Own It

My children struggle a bit to own their mistakes. It seems like when they are busted they divert and try to blame a sibling, the circumstance, or even me or Chad sometimes. Most of the time a simple “I’m sorry” would suffice and we could all move on, but because they won’t own their mistake, the problem is unnecessarily extended.

Photo Courtesy of devanraephotography

Here is a perfect example that happened one Saturday morning:

I heard a crash in the bathroom with the sound of metal clinging. Immediately Locke yelled, “Mom!! I need you in here!!” I rushed in to find the toilet paper holder on the floor and toilet paper everywhere. I didn’t say much. It was not a big deal. That toilet paper holder is very finicky and it just needed to be mounted back on the wall. I immediately started to fix the problem, and it was taking some of my concentration. Locke was still upset about the accident. Then out of nowhere he yelled, “That’s why dad should buy more glue!”

Somehow Chad got blamed for knocking the toilet paper holder off the wall when, at the time, he was actually in Miami. Ha.Ha.

This story illustrates how responsibility is often diverted in our home. Chad and I handle our children’s attempts at misdirection in three ways.

1. Calling them out directly

As soon as Locke finished attempting to blame Chad’s lack of glue buying I said, “This is not about dad. He isn’t even around. He is in Miami. This is your responsibility. It was an accident and accidents happen to everyone. It is not dad’s fault.”

We will also say, “You are misdirecting the blame. Own up to your part in the matter.” or “This is not about your brother (or sister), this is about you.”

Clearly labeling the problem and identifying who is really responsible will hopefully help them to recognize their part in future situations.

2. Using humor

Another way we try to have our children own their own mistakes is by using humor.

We take a cue from Into the Woods and sing “It’s His Fault” but with our own story and words. The other kids participate too, and we have a fun time seeing how far away we can place the blame from the actual culprit. Everyone in the immediate family usually gets roped in. Sometimes grandmas take the heat. Friends aren’t exempt. Even Jesus has been blamed before. (I had to back track on that one.)

For example, let’s say Crew knocks over a glass vase because he is throwing a football in the house. Locke might get blamed for not catching the ball. Croft’s at fault for having music on that distracted Crew. Mom might get blamed for placing the vase on the table in the first place. Grandma might be at fault for buying Crew a football, and his coach should have never taught him how to throw. (And if Jesus hadn’t made cows, there would be no leather for the football, and the vase might still be standing.) You get the idea.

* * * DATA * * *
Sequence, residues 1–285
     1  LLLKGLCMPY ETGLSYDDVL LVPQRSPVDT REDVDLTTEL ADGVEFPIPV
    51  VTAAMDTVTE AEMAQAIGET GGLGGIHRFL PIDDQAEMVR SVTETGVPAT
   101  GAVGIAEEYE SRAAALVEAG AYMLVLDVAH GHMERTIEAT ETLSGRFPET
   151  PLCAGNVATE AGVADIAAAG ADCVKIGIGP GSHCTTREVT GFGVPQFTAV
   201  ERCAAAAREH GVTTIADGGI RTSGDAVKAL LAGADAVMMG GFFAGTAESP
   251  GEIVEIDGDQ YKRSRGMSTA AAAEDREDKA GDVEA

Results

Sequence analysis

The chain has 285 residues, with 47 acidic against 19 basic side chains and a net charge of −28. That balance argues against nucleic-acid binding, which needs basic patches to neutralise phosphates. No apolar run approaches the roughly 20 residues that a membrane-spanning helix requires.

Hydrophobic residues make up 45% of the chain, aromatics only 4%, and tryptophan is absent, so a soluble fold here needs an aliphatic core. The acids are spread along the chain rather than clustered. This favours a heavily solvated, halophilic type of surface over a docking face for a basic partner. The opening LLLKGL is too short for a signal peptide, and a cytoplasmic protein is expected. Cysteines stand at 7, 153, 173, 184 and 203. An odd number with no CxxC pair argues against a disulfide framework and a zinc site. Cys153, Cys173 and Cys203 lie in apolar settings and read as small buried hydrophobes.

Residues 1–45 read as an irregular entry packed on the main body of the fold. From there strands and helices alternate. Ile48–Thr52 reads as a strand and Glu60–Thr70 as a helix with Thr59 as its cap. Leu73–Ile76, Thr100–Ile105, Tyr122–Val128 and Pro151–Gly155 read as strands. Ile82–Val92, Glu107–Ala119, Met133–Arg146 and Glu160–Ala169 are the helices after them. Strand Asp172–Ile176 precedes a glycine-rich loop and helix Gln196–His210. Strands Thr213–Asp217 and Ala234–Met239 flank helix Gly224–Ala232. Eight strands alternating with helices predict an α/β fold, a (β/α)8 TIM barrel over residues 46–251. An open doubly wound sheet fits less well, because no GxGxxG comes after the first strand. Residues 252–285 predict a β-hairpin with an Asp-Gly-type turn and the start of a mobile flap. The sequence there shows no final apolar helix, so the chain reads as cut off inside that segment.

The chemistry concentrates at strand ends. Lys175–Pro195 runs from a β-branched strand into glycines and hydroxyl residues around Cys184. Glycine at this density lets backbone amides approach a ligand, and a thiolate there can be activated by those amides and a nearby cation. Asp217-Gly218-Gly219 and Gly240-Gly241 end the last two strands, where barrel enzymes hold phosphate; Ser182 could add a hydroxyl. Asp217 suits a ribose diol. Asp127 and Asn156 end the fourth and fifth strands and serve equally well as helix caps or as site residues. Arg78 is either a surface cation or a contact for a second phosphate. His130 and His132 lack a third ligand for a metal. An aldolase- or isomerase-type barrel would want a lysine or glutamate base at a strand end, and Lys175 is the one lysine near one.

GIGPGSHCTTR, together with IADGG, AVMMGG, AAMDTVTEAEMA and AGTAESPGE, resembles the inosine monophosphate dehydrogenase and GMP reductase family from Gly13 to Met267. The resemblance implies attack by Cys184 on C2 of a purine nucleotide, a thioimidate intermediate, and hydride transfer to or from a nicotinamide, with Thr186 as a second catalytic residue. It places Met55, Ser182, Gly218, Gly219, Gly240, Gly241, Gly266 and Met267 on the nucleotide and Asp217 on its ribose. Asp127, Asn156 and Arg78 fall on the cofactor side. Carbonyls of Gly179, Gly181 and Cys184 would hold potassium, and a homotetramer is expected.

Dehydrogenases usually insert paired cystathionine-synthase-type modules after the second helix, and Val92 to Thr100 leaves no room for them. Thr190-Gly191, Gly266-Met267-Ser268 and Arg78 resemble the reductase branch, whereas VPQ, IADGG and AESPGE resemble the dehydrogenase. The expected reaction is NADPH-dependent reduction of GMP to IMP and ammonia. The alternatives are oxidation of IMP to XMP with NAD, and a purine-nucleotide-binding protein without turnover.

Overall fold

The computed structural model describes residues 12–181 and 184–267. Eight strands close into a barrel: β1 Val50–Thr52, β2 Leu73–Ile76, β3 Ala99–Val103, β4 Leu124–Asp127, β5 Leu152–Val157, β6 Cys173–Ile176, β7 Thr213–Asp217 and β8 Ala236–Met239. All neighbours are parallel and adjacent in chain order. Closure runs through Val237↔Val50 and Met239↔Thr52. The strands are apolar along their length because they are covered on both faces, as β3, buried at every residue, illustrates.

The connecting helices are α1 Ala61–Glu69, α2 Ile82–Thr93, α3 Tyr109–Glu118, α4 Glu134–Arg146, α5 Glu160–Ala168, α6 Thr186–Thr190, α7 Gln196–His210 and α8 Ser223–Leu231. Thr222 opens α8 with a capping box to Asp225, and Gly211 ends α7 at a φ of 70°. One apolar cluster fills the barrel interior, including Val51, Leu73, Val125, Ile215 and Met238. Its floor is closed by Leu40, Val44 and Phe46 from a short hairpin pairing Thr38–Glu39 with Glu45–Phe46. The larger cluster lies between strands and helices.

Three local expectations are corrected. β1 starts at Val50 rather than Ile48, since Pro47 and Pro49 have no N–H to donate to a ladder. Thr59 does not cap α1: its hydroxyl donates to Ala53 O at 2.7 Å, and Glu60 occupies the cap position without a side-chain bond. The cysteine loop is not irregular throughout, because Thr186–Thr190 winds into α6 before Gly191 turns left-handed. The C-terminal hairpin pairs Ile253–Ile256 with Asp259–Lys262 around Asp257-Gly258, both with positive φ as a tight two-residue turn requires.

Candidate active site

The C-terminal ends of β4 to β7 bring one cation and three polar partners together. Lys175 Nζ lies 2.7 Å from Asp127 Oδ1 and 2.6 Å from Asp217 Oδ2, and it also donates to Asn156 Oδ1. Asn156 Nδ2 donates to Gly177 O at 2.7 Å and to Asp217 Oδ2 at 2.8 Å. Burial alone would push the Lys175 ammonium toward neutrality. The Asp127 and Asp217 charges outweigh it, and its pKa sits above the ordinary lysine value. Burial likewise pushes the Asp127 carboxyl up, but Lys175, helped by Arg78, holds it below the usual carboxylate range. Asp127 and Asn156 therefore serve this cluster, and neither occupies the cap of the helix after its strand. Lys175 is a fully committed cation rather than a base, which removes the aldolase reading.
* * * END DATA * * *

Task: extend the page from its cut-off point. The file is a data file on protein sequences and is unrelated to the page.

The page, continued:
The point is to be so outrageous with whose fault it was that the kids can see how erroneous their claims are. We usually end up laughing and having the perpetrator own up.

3. Modeling appropriate responses

Perhaps the best thing we can do as parents is just model an appropriate response when we make a mistake ourselves.

I basically stole Elle’s Christmas present that Locke gave her. It was a pink notebook; I needed some paper, and I didn’t see Elle using her new notebook anytime soon, so I used it. I got caught. Both Locke and Elle busted me. They couldn’t believe I would steal her present. They laid on the guilt and shame. At first I started to make excuses like “I’ll buy you another one” or “I didn’t think you were going to use it,” but I caught myself and just said, “I am sorry. That was wrong of me to use your gift without asking.”

I say “I am sorry” often to my children. Coupled with eye contact, these three words go a long way to repairing the mistakes we make as parents. I want my children to be comfortable with the phrase and not feel ashamed to use it.

Photo courtesy of devanraephotography

Chad and I are hoping that these three methods will help our children to learn to accept responsibility for their actions. We hope that they will learn to own their mistakes without shame, say sorry and move on. This skill will serve them well as spouses, employers, employees and as parents.



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